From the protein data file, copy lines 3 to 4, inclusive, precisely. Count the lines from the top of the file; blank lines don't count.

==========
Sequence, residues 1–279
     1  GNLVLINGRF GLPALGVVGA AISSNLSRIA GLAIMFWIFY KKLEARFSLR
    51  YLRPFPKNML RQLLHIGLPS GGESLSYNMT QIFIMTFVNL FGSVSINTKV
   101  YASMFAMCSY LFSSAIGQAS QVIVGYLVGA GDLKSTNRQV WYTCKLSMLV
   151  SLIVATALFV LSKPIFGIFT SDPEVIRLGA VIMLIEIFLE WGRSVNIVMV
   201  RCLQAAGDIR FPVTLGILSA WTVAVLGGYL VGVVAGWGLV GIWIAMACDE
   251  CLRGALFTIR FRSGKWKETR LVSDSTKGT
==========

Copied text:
    51  YLRPFPKNML RQLLHIGLPS GGESLSYNMT QIFIMTFVNL FGSVSINTKV
   101  YASMFAMCSY LFSSAIGQAS QVIVGYLVGA GDLKSTNRQV WYTCKLSMLV